As the demographics of our school system continue to change, the urgency to close our various achievement gaps continues to grow. The students in our system today are the future workforce of Montgomery County. It is both a moral and economic imperative to ensure that all our students graduate with the skills they need to be successful, whether it is to college or the workforce. MCPS employs a range of strategies to address our achievement gaps, including high standards for all children, culturally proficient instruction, equitable funding for our schools, human capital management, and community engagement. We must continue to evaluate our approaches that address the gaps and use research-based strategies to meet the needs of every school’s unique population. We need to collaborate with the County to evaluate the many programs they fund outside of school that support student achievement and ensure that those programs are achieving results that justify those investments. But the Federal, State and County governments must comprehensively address the impacts on our children of poverty, access to health and social services, housing, language deficits, safety and other factors outside the control of the school system if we are to actually eliminate all achievement gaps.
Smarter testing to improve achievement
One of the most controversial issues affecting our schools involves testing. How much are we testing students and how do we use test results to evaluate staff, inform instructional practice, and hold schools and educators accountable? How much time should be taken away from instruction for testing? Are the results received in a timely manner to guide instruction? Are the tests we are using properly aligned with the curriculum we are teaching? I support the rigor of the common core and the need to encourage critical thinking but I am concerned that we don’t have the assessments right yet. This year, the Board eliminated semester exams and replaced them with quarter assessments, as it is working diligently to look for new ways to support learning and ensure that testing is timely and relevant to instruction. I believe the issue with testing is not the time that is spent on tests but whether the tests and assessments we give are achieving the right purpose, to improve student achievement. We must make sure that all tests are well designed and are aligned with college and career-readiness standards. They must provide timely data on whether our students are on track or where they need improvement. And we must make sure that the data we receive from testing, including all other measures of student achievement are used to hold our educators accountable.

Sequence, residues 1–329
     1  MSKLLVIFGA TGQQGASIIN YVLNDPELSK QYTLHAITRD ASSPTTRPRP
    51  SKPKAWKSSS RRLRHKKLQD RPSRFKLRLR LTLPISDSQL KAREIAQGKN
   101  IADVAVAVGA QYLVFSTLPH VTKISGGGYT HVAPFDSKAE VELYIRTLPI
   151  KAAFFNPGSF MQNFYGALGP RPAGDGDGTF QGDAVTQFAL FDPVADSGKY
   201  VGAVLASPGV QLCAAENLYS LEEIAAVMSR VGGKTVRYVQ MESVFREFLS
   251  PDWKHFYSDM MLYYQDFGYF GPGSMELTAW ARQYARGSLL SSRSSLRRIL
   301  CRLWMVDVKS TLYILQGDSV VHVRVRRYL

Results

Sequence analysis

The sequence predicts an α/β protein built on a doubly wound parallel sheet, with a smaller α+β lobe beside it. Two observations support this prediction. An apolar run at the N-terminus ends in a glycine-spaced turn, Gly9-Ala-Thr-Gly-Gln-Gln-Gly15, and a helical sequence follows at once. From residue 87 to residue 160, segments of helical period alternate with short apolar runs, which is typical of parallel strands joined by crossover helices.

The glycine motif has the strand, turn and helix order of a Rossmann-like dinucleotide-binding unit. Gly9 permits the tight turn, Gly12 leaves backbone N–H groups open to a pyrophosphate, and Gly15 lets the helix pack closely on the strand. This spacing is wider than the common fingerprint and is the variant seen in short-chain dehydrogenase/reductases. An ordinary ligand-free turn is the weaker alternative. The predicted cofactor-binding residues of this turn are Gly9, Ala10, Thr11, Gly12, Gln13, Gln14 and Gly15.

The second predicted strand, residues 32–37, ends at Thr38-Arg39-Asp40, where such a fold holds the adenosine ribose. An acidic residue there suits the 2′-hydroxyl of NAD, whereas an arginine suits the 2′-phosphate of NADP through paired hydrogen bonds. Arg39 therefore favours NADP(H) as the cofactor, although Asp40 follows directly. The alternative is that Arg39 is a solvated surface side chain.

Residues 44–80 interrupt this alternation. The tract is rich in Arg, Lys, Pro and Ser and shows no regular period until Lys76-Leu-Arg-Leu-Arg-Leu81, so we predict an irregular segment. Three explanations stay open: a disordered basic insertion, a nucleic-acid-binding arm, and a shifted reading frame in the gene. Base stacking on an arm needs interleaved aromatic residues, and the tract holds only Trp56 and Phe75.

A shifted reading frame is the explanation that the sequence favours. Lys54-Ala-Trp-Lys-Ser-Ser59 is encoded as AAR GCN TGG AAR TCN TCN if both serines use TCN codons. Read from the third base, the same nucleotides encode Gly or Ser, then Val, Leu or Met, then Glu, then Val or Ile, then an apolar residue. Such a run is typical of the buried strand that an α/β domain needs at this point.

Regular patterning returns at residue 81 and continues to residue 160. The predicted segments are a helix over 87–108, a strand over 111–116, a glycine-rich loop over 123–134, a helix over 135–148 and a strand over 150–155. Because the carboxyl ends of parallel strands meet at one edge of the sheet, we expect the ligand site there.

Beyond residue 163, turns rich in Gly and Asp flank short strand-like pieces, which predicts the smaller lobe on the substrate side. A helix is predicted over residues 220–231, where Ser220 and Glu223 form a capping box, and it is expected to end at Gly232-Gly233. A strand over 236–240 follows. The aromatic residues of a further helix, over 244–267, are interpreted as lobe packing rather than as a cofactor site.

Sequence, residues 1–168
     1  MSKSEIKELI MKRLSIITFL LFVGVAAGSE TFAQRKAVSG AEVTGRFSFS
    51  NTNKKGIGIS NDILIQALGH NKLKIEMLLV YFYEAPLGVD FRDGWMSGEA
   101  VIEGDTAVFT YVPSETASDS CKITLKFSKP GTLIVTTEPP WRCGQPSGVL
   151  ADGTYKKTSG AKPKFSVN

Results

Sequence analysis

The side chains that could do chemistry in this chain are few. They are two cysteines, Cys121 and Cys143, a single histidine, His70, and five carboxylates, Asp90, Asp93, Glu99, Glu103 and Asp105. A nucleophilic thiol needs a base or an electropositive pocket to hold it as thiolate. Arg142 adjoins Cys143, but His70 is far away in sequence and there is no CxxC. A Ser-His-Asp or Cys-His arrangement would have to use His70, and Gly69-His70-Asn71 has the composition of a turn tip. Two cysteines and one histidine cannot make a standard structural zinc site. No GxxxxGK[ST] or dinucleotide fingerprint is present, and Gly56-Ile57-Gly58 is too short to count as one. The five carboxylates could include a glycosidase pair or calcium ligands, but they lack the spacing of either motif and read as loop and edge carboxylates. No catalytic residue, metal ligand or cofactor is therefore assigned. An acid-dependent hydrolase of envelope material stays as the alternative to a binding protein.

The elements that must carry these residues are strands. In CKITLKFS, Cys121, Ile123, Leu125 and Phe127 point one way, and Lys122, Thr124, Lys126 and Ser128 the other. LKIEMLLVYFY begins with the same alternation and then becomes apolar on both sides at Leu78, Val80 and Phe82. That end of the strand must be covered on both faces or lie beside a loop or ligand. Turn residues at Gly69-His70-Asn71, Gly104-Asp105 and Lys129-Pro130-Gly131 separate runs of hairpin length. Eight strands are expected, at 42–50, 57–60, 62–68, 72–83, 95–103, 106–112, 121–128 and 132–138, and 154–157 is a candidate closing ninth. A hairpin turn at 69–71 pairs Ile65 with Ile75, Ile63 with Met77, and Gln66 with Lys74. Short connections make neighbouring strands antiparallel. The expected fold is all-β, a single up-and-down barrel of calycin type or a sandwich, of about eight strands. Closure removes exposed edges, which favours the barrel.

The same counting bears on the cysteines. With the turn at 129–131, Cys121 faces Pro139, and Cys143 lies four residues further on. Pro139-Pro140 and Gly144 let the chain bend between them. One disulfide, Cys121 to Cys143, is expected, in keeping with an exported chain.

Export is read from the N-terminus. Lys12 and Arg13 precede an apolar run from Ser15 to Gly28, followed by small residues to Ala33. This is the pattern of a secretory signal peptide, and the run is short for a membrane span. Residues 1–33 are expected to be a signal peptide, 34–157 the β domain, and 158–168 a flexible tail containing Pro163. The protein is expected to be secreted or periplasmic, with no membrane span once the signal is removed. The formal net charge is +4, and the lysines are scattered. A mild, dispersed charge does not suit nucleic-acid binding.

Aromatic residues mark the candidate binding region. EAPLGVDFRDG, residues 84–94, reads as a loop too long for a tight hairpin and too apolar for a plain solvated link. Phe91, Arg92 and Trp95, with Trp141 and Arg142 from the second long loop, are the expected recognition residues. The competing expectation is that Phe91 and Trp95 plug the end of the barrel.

More career opportunities
Not every child will go on to college. MCPS needs to do better with job preparation programs for students who are interested in career opportunities upon graduation. According to the Center on Education and the Workforce, 27 percent of students earning a vocational license or certificate earn more than a worker with a bachelor’s degree. As more students graduate from high school, the number of positions requiring a high school diploma or less continues to decrease while the number of employment opportunities requiring at least postsecondary training or industrial certification has more than doubled. MCPS needs to work with the employer community to define the skills most essential in today’s economy. The Edison program and our various career pathways should be adapted to create more programs across the county to address this need.